Due to the increase in the number of medically-themed podcasts I now listened to I have recently come across an idea I had never before considered namely that bioethics is at its core antithetical to the Hippocratic principles of medicine. As someone who has considered both of these realms of thoughts during my academic career I thought I would work through my own thoughts in this blog.
At the heart of the supposed conflict between Hippocratic principles and bioethics is the latter’s supposed emphasis on utilitarianism as a guiding principle. The prioritization of the many at the cost of the individual supposedly undercuts doctors’ focus on the needs of a given individual patient. From earlier blogs, you know that I am in qualified agreement with this perspective. While “pure” bioethicists namely those who have no direct involvement with medicine but instead function as philosophers or academics do indeed seem to err on the side of utilitarianism those who use bioethics to augment their primary profession in medicine or the law seem to achieve greater balance. In my own bioethical writing, for example, I have largely focused on the so-called 5 key principles of bioethics as well as the need to challenge institutional authority in the service of improved patient care. Coming from the other end and considering the Hippocratic writings they offer potential support for almost any argument. With regards to serving the individual patient unwaveringly, one need only considers the passages regarding providing abortions for slaves and sex workers where the implicit advantage was not to the patient but rather those benefiting from their labor.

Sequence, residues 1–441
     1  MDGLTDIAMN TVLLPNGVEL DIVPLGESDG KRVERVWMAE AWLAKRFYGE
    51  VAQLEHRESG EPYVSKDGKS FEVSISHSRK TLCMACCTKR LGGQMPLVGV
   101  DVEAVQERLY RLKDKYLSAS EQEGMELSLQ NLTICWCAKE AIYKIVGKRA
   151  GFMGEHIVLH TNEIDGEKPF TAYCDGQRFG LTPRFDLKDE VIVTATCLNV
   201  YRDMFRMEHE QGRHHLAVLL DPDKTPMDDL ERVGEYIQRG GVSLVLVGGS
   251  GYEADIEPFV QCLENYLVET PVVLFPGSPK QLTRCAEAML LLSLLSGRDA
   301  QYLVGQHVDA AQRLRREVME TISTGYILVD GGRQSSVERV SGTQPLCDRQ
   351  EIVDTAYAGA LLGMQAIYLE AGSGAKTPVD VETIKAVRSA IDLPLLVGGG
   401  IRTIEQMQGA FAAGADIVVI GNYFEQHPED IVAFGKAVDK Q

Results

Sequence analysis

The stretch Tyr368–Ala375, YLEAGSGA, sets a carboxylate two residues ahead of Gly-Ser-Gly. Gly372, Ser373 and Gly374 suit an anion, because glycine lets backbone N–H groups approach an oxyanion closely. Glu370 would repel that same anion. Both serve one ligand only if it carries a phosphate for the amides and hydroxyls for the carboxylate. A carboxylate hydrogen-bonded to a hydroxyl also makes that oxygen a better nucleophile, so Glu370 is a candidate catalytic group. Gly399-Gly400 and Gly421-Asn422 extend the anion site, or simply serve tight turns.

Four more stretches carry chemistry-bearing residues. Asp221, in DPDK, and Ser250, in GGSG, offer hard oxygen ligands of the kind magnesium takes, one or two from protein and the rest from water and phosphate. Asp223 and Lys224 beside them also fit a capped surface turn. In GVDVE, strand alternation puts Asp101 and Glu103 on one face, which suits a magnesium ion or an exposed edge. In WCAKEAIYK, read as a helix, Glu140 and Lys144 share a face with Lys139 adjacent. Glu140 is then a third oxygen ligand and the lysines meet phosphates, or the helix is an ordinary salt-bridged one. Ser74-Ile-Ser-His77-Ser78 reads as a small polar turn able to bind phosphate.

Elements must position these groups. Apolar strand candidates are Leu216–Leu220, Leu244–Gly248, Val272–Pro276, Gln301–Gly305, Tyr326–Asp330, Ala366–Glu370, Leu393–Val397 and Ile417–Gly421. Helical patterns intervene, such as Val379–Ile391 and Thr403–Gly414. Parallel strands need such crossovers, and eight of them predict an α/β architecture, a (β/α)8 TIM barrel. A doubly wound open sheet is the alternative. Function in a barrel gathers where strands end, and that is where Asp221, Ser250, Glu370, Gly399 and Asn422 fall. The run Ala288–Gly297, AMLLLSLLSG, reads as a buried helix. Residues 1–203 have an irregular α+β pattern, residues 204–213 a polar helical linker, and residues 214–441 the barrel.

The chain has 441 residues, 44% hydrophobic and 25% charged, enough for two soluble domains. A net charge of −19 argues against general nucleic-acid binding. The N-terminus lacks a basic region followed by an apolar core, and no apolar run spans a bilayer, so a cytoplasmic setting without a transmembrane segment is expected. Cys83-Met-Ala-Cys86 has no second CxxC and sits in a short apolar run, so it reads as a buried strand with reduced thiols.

Ultimately this discussion can be settled perhaps unsatisfyingly by reminding those reading that no broad categorization can define the entirety of an intellectual tradition whether bioethics or the Hippocratic corpus.